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Recursive Functions [/su_quote] 

An algorithm for solving a problem may be best implemented using a process called recursion. Consider the factorial of a number, which is commonly written as 5! = 5 * 4 * 3 * 2 * 1.
This calculation can also be thought of as repeatedly calculating num * (num -1) until num is 1.

A recursive function is one that calls itself and includes a base case, or exit condition, for ending the recursive calls. In the case of computing a factorial, the base case is num equal to 1.
For example: 

 

#include <stdio.h>

//function declaration
int factorial(int num);

int main() {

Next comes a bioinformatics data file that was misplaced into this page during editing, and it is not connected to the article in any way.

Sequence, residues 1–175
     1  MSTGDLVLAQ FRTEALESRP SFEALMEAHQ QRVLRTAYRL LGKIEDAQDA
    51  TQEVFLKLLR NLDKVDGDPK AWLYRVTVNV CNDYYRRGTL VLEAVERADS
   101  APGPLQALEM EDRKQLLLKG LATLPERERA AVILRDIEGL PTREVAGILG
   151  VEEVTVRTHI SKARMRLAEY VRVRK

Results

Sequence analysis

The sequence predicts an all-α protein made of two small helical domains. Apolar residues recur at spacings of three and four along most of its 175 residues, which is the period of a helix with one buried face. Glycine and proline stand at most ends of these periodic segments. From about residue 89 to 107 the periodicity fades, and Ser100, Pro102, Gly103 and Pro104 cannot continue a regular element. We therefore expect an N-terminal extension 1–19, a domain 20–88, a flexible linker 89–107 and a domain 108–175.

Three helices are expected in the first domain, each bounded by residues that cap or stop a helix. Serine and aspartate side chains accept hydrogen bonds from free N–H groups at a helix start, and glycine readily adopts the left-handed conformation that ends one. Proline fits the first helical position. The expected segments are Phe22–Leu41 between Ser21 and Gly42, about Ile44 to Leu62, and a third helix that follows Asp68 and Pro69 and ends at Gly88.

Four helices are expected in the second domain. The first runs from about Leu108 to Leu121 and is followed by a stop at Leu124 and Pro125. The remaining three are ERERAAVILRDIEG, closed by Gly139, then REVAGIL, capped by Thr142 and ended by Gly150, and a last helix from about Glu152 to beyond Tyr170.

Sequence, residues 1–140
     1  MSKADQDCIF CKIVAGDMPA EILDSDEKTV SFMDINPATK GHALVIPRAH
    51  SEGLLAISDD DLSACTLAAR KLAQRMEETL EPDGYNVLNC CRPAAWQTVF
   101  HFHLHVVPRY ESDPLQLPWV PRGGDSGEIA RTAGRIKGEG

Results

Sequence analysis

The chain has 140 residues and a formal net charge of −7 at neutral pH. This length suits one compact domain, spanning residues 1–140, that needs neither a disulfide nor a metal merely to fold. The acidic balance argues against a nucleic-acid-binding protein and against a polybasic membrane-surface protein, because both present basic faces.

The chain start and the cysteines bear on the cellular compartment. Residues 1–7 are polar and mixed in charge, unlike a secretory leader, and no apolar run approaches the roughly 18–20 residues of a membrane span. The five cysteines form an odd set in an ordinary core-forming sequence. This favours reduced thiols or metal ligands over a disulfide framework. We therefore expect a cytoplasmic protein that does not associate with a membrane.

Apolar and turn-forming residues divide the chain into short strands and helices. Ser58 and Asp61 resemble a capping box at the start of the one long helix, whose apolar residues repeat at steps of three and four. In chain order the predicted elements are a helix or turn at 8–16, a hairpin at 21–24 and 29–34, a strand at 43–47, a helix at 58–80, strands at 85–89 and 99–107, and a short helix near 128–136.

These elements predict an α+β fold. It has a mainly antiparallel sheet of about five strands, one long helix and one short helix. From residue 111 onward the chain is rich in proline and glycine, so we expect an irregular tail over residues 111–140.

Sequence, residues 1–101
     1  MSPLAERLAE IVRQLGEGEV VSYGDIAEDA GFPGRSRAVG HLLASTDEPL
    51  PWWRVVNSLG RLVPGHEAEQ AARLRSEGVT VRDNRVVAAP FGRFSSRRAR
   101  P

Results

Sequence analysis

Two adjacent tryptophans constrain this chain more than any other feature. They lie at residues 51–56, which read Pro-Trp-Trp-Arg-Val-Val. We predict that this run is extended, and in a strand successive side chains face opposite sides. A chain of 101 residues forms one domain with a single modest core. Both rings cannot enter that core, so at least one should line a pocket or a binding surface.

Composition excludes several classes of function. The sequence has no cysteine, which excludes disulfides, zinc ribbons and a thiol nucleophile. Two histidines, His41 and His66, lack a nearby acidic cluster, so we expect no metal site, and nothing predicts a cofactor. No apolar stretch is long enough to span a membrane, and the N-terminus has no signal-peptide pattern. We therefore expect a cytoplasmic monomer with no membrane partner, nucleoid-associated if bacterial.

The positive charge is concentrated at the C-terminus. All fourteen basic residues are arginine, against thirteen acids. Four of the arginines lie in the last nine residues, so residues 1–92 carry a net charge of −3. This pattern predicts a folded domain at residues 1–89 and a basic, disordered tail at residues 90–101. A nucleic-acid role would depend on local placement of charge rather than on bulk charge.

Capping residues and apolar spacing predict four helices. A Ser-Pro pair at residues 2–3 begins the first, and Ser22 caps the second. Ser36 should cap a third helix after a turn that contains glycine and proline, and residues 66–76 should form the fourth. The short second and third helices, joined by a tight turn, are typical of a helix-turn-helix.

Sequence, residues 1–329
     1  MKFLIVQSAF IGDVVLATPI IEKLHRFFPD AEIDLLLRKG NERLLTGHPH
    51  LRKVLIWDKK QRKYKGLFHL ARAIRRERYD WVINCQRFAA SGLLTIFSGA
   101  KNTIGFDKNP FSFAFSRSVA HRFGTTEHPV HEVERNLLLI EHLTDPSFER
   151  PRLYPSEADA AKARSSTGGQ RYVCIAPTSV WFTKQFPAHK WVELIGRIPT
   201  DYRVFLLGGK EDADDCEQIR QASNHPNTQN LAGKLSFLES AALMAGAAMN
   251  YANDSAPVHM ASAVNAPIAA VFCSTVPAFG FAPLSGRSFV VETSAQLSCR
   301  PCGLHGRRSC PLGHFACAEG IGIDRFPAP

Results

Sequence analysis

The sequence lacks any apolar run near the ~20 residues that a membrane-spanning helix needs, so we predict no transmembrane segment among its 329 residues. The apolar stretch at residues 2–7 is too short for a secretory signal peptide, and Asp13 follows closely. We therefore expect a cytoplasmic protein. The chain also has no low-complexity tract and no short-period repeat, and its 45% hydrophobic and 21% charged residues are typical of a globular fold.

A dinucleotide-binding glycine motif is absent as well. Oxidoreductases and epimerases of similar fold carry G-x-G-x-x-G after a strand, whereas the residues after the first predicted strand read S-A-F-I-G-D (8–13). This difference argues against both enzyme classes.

int x = 5;

  printf(“The factorial of %d is %d\n”, x, factorial(x));

  return 0;
}

//function definition
int factorial(int num) {
 
  if (num == 1)  /* base case */
    return (1);
  else
    return (num * factorial(num 1));
}

 

The program output is: The factorial of 5 is 120

Recursion works by “stacking” calls until the base case is executed. At that point, the calls are completed from newest to oldest. The factorial call stack can be thought of as:
2*factorial(1)
3*factorial(2)
4*factorial(3)
5*factorial(4)

When the base case is reached, the return value 1 triggers the completion of the stacked calls. The return values from newest to oldest creates the following calculations, with the final calculation (5 * 24) being returned to the calling function main():
2 * 1
3 * 2
4 * 6
5 * 24

NOTE!
A recursive solution requires a base case to prevent an infinite loop. Tap Try It Yourself to play around with the recursive code.

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